When we started researching how to be more self-sufficient, I started wondering, how did my grandmother or my great-grandmother cook? How did they do laundry, keep the house warm, communicate… with friends and family? I remember stories my father told me about Victory Gardens and how rubber and nylons were rare because of the war. There was only radio to listen to, no cell phone or internet. People wrote letters…in cursive, with pencil. People lived near town and walked to the markets or took a bus. Everything was well made and lasted. And you took care of what you owned so it lasted even longer. Socks with holes were fixed! Pants were patched. Buttons were replaced. People knew how to sew, cook, knit, build and make things.
I remember growing up my stepmother had a canning jar in her sewing room filled with buttons. No piece of clothing was tossed without the buttons first being removed and put in that jar. Then, if a coat, or pants or shirt lost a button, all she needed to do was dig through her jar to find another one.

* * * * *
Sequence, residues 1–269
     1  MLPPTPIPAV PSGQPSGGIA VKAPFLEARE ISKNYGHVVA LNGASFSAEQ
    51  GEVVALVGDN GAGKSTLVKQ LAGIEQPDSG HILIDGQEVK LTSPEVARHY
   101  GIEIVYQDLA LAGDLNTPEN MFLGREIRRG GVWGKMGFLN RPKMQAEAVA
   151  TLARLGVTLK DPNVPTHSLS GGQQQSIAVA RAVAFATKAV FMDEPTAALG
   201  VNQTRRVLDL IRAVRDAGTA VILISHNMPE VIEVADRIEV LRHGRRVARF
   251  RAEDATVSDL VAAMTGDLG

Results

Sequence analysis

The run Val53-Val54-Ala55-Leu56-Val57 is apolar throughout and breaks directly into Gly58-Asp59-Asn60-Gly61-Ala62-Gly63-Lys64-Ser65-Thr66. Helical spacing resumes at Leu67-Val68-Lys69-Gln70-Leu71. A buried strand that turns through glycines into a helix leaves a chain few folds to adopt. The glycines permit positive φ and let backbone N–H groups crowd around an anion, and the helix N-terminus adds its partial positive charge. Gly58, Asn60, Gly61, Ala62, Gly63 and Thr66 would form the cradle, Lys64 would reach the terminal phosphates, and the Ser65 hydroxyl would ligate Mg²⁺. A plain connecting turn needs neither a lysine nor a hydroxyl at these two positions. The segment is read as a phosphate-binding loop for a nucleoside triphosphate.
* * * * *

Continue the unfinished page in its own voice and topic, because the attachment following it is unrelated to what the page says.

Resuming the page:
I’d always been taught to follow strict directions. In school or at home there were a set of rules. Even recipes were written out in easy to follow steps. No thinking on my part was needed. Just do what you were told.
My epiphany started when we found a great little antique recipe box at an auction that had actual hand written (in cursive with pencil) recipes inside. There were no measurements! None! It was “add an egg”, a “thumb size amount” of butter, a scoop of flour, a “little of this,” and “just enough of” that. Suddenly it dawned on me that years of teachers and my parents telling me to follow the rules was all a big fat lie! There were no “rules.” It all depended on what worked for you.
Maybe all of you have already had that insight, but I was almost fifty before it dawned on me. Slow learner, I know.
Since that day, I’ve been on a journey to learn to do things on my own. There are a lot of things I needed to learn first. Things my grandmother and great-grandmother took for granted. I’m here to tell that you CAN learn these things and once you do you will have such a grand sense of self-accomplishment.
Follow our journey…